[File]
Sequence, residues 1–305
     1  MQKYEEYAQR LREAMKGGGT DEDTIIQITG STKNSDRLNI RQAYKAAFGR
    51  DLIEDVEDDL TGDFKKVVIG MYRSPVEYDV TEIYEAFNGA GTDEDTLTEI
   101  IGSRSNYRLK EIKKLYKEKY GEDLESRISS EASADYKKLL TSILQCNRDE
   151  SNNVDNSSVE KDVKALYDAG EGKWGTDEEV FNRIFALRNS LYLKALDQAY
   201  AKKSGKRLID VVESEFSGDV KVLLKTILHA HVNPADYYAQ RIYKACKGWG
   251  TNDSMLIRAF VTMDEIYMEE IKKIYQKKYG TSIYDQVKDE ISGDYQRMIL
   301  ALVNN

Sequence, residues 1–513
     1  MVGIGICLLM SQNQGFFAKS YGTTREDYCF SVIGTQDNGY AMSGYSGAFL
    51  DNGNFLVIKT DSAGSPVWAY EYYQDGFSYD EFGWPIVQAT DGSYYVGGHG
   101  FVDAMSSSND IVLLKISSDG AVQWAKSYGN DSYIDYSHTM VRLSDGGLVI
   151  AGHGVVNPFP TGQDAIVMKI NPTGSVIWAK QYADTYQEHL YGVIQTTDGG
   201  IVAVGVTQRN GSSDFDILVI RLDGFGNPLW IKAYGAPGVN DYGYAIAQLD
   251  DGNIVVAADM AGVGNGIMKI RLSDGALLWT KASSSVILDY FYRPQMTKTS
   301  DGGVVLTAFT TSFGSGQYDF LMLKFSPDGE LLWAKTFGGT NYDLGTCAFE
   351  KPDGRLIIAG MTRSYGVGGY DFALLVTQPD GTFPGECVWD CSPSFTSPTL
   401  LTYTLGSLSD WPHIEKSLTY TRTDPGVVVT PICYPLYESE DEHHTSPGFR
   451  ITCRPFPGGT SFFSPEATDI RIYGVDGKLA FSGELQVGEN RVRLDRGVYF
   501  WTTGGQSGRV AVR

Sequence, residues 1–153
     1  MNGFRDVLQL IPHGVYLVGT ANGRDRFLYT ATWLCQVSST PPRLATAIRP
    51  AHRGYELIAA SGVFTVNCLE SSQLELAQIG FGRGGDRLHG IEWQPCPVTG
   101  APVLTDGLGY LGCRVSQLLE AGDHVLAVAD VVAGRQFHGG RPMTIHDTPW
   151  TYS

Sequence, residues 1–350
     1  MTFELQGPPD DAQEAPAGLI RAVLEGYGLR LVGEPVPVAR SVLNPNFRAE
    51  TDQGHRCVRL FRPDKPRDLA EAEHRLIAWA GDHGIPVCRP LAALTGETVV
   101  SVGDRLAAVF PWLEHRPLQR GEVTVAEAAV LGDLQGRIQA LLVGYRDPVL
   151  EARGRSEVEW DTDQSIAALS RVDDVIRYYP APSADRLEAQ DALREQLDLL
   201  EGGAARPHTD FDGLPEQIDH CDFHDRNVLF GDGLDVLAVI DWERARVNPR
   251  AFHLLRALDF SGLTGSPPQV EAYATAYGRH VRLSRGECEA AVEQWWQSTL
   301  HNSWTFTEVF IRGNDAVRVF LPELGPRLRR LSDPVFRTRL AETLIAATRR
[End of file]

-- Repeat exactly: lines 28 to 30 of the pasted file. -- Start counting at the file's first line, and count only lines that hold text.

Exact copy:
    51  TDQGHRCVRL FRPDKPRDLA EAEHRLIAWA GDHGIPVCRP LAALTGETVV
   101  SVGDRLAAVF PWLEHRPLQR GEVTVAEAAV LGDLQGRIQA LLVGYRDPVL
   151  EARGRSEVEW DTDQSIAALS RVDDVIRYYP APSADRLEAQ DALREQLDLL